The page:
I polished the stand, all the little hardware pieces (latches, hinges and glides) and the control panel. Cleaned the Rexine. Used grease pencils to restore the original look to the stamped Mains and Vibrato labels on the control panel and the numbers and symbols on the drawbar pulls. Vacuumed the inside of the organ. Scrubbed the leg case. Cleaned the keys. Shined up all the vinyl with some 303 Marine Aerospace Protectant. (I use this on all my amps and vinyl-covered keyboards. It leaves a very slight shine and a UV-protective film – and isn’t greasy like ArmorAll.) And I carefully transplanted two souvenirs from the other UK organs: Paper tags on the wiring loom with the first names of some of the women who painstakingly pieced together Vox looms, Rene and Carol. These women were all patients in Stone House, formerly known as the City Of London Lunatic Asylum, in Dartford, Kent. The facility had a contract for patients to assemble these for Vox. But then I dug deeper into my “new” organ and found another loom assembler’s name, Merilyn.
My organ was missing some of its original wingbolts, but my friend and Classic Keys co-author David Robertson created a set of chromed, replica wingbolts that are so beautifully crafted that they look like fine jewelry. Thanks David!)
After owning the organ for nearly two years, I discovered a quirk I had not noticed before: All of the footage drawbars played the same volume on the 5 setting as they did on 4, and the same volume on 8 as on 7. (I guess I never noticed this, since the drawbars generally got louder as I pulled them out.) Here was the trouble spot: The circuit boards and resistor ladder (which provides progressively less resistance to the signal as the drawbars are pulled out).
This is the view you get under the drawbars by lifting the keybed. The problem was that some of the number levels of the drawbars were shorted to each other. This can occur if a stray piece of solder bridges the levels. But in my case, apparently little bits of copper dust that wore from the traces on the boards caused a short between levels. Cleaning each of the boards carefully and thoroughly with a pipe cleaner soaked in a little 99% isopropyl alcohol solved the issue, and the drawbars now work properly.
Of course, a proper Vox Continental needs a Fender Rhodes Piano Bass. In this case, it’s my near-mint 1972 sparkle top. Light My Fire!
Here’s an oddity about a ’65 UK Continental: The top bars of the stand are too long to enable the transport lid to be used when the organ is on the stand. The latches don’t have enough clearance from the stand to be secured. So the lid can’t be used during assembly or dis-assembly of the stand. Vox solved this on later Continental models by shortening that top bar (and by cutting the bar ends at an angle slanting away from the latch on the Italian models).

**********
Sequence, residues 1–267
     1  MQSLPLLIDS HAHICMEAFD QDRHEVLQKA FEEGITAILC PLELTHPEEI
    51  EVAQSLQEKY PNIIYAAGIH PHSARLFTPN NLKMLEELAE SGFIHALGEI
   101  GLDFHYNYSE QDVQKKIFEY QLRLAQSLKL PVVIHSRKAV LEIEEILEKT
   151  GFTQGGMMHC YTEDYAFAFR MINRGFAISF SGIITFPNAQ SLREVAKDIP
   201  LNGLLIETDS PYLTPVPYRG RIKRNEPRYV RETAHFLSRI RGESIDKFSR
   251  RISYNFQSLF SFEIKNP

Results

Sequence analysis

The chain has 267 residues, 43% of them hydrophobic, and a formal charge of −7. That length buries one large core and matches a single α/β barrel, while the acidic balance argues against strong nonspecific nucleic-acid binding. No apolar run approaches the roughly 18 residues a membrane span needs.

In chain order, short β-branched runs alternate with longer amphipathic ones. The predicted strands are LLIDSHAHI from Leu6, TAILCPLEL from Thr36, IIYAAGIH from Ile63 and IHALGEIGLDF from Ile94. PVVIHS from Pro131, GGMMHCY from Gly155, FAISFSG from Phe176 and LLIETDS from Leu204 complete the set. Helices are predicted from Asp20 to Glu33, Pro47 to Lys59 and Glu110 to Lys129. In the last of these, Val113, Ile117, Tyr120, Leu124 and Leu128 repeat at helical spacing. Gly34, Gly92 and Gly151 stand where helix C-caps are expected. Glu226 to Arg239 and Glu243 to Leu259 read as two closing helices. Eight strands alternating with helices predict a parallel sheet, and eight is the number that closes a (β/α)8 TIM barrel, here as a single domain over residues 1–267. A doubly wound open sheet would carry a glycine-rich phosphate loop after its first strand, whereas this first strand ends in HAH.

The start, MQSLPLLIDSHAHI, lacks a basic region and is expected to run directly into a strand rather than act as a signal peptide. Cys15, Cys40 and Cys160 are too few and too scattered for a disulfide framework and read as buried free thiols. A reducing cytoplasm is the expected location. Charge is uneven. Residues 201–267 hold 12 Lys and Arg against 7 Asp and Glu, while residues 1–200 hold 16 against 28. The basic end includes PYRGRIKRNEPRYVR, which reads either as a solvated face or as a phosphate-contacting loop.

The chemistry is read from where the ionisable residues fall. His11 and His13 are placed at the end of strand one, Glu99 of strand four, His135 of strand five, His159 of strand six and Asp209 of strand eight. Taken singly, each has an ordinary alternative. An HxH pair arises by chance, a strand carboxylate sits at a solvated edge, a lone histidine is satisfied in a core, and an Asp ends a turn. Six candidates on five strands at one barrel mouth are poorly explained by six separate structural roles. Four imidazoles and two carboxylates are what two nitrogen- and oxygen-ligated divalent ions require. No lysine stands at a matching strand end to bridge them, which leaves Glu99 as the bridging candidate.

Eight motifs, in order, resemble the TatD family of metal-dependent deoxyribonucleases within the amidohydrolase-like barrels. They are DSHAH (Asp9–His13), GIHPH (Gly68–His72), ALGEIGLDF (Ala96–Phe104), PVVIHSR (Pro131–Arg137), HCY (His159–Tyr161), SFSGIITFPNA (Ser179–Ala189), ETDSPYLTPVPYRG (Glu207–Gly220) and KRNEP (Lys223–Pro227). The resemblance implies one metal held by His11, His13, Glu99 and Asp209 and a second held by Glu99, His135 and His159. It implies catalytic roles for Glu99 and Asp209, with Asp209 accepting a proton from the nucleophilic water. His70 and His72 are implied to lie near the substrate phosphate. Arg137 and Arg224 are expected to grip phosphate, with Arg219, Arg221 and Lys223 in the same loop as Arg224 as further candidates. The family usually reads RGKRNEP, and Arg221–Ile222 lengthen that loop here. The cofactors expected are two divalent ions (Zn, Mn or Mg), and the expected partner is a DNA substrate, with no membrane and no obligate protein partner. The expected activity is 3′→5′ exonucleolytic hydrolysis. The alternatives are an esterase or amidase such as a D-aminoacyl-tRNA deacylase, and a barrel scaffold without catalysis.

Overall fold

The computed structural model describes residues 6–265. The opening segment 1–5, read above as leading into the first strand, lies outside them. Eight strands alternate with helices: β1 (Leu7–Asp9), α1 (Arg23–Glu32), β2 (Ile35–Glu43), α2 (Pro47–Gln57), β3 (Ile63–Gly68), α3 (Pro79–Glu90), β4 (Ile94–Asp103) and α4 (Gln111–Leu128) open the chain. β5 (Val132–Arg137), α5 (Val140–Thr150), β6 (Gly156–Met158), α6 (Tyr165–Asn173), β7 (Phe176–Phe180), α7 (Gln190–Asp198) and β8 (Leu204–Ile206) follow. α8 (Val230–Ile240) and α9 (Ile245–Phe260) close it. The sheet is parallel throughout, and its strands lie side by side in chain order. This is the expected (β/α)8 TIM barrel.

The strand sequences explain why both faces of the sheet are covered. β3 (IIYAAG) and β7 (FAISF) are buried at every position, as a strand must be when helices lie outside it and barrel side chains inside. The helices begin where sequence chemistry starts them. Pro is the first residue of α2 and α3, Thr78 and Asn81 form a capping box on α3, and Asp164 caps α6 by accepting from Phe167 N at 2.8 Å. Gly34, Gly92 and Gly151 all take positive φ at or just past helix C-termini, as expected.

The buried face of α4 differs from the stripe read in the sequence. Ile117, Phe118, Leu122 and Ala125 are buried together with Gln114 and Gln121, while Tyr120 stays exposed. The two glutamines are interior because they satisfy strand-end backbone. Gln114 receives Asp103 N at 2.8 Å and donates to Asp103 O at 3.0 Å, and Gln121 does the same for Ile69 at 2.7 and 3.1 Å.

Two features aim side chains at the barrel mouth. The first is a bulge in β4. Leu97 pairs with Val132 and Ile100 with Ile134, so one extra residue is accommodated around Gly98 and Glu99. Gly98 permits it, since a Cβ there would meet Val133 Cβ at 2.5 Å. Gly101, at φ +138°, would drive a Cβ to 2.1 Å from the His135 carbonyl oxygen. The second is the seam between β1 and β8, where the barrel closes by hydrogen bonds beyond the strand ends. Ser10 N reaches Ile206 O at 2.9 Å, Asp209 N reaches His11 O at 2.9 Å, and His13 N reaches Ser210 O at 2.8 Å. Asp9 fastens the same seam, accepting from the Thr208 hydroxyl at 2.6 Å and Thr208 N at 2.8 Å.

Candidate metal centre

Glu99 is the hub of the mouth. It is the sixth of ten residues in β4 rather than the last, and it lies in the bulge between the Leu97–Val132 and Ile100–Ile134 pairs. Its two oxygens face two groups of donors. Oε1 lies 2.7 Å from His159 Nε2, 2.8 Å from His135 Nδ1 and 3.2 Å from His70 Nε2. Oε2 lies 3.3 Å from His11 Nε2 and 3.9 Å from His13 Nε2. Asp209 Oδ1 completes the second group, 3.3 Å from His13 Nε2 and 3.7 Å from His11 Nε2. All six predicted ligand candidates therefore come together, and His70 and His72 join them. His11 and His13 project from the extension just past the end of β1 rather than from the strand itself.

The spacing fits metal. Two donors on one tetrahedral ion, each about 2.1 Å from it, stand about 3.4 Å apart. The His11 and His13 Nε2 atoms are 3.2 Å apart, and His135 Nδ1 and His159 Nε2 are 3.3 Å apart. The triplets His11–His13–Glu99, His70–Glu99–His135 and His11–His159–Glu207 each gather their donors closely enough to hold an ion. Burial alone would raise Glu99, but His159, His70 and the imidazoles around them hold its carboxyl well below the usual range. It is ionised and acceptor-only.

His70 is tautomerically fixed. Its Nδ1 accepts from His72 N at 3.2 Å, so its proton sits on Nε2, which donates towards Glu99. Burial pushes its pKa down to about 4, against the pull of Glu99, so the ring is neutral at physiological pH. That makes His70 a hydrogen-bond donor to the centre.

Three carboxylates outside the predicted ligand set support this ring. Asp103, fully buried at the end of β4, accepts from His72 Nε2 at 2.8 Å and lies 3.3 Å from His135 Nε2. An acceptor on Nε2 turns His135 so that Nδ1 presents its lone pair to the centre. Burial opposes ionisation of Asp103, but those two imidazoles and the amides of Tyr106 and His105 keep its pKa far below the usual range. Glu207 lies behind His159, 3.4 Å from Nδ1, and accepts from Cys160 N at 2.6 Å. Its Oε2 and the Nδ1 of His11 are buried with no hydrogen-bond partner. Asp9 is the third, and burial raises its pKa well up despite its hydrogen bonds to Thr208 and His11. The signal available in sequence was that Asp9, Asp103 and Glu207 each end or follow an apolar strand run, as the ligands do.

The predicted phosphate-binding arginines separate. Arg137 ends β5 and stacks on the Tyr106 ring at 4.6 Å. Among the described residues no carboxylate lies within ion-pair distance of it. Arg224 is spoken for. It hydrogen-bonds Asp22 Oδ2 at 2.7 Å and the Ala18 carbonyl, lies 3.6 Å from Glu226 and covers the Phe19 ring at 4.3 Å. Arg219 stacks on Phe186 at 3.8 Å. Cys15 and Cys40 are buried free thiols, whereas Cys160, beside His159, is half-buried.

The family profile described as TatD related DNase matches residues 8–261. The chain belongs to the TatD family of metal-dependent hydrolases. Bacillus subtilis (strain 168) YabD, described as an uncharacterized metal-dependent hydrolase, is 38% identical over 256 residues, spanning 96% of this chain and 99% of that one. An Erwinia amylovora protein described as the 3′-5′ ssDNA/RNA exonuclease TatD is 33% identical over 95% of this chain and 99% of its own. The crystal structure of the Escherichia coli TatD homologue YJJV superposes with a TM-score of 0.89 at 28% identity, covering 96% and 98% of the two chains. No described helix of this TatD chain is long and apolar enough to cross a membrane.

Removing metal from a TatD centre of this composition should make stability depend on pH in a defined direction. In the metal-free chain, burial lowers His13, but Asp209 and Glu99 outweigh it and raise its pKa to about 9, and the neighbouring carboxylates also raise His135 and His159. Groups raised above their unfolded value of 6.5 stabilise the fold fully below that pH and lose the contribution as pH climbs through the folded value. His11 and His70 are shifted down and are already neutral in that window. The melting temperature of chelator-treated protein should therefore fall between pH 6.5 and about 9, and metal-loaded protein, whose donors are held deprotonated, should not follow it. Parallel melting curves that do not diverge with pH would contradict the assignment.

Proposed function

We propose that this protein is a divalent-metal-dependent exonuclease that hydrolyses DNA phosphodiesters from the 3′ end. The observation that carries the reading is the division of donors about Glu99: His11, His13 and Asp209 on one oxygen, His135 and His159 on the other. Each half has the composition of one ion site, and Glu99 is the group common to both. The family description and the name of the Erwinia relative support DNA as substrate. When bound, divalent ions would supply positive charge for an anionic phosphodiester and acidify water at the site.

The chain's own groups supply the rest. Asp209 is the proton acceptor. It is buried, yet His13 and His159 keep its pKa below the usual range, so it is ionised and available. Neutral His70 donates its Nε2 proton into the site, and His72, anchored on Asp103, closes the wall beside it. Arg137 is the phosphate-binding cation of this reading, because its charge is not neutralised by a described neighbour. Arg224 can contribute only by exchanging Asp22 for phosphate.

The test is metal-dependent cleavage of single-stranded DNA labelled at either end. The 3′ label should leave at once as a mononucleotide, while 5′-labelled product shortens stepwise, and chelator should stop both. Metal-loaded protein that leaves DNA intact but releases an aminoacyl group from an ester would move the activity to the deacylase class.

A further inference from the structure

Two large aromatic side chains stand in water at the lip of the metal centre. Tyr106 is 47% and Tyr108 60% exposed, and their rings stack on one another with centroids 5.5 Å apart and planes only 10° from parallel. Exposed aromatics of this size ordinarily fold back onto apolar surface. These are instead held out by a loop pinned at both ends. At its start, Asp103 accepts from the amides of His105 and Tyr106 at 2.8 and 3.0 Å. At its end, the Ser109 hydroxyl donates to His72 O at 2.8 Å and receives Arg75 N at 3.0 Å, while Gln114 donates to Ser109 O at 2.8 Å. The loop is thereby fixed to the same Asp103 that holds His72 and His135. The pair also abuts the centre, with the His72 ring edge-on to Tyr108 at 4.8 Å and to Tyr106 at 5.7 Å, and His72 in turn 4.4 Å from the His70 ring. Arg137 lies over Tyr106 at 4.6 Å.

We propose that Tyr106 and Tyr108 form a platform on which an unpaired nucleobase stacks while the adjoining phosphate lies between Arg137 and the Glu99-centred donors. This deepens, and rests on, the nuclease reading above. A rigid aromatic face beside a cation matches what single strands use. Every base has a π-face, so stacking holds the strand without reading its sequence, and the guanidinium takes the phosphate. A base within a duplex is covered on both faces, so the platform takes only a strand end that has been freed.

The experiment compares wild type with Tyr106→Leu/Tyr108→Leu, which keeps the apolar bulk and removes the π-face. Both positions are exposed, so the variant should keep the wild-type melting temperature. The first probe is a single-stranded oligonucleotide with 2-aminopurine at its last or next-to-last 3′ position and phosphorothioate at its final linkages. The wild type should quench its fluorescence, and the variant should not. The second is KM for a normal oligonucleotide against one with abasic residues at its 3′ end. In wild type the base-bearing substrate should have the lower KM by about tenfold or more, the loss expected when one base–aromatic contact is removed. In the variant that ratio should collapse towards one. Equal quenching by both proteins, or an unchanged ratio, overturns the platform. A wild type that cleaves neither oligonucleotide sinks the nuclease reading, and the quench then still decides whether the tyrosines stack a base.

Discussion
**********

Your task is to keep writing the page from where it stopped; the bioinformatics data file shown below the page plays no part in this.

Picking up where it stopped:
If you’re taking a Continental on the road, you surely need a vinyl cover to protect it from bumps and bruises. Mine is in great shape:
The original UK slipcovers came in a wide variety of colors: Black, red, gray, and beige. A friend — and fellow Vox Continental-aholic –had this handsome replica of an uncommon beige one made up for me:
And here’s the “case candy:”
The warranty envelope.
The Thomas Vox-style warranty card. Since Thomas was the US licensee and distributor of Vox products, it handled US warranty claims and repairs of these UK-made organs. The warranty covered “defects in workmanship and material arising from normal usage for a period of one year.” Unfortunately, the warranty only obligated them to provide replacement parts. They didn’t have to cover labor for installation of the defective parts, and the owner even had to pay for shipping. So, they could have met the terms of the warranty by sending you, say, a bag full of transistors. (But most likely, they would have sent you a whole new board if you had a troublesome tone generator card or preamp board.)
The four-page owner’s manual. It was dated February, 1963, even though it was provided with 1965 organs. The photo on the front shows a “square top” model that Vox no longer made, with a Perspex music stand. Inside, there were a couple of references to that obsolete model. Rather than updating and reprinting the manual, Vox or Thomas assigned an employee to make corrections with a pen. (I’ve seen three of these, and they all have pen corrections in the same spot, done in the distinctive handwriting of that employee.)
This little vinyl bag held the seven wing bolts used to assembly the chrome z-stand.
Now, everything works like new! It sounds great and plays wonderfully. It is virtually all original. Cosmetically, it’s like most of the instruments in my collection: At first glance, it looks like new, but there are a few minor blemishes that make it look like it was used lightly for a short period of time, and give it a little vintage authenticity. And it’s got that special vibe from being an original British model.
All in all, it’s about as nice, original and complete a UK Continental as you’re likely to see these days. (And, no! It’s not for sale!)
And, in case anyone is wondering, these are the three UK Continentals that donated parts to my “keeper Continental” That’s the one on the right!